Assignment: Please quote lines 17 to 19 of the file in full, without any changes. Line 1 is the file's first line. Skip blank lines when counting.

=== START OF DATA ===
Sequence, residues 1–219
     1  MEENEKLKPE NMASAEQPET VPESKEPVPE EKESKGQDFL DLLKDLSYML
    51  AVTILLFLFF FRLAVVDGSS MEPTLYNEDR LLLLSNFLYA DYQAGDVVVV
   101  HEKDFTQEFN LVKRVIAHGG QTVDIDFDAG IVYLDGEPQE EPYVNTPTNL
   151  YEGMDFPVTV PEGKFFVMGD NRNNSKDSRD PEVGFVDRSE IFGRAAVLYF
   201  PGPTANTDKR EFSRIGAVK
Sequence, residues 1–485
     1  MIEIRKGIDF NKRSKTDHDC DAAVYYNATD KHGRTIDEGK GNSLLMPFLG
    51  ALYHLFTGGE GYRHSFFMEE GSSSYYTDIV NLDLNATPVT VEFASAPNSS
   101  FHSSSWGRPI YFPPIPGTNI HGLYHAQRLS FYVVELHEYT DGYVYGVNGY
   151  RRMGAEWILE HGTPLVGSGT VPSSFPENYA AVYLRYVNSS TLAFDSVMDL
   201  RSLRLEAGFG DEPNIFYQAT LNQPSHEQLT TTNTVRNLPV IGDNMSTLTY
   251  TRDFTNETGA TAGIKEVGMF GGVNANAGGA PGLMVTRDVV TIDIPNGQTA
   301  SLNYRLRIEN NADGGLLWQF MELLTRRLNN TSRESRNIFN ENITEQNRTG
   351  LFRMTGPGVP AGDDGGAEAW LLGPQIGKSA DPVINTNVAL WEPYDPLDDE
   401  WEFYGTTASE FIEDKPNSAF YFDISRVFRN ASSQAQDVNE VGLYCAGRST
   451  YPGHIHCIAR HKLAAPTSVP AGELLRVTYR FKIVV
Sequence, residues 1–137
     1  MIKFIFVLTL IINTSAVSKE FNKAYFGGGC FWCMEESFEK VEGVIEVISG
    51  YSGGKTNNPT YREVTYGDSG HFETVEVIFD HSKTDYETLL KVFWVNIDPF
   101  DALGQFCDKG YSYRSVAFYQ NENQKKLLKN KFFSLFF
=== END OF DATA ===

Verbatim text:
   451  YPGHIHCIAR HKLAAPTSVP AGELLRVTYR FKIVV
Sequence, residues 1–137
     1  MIKFIFVLTL IINTSAVSKE FNKAYFGGGC FWCMEESFEK VEGVIEVISG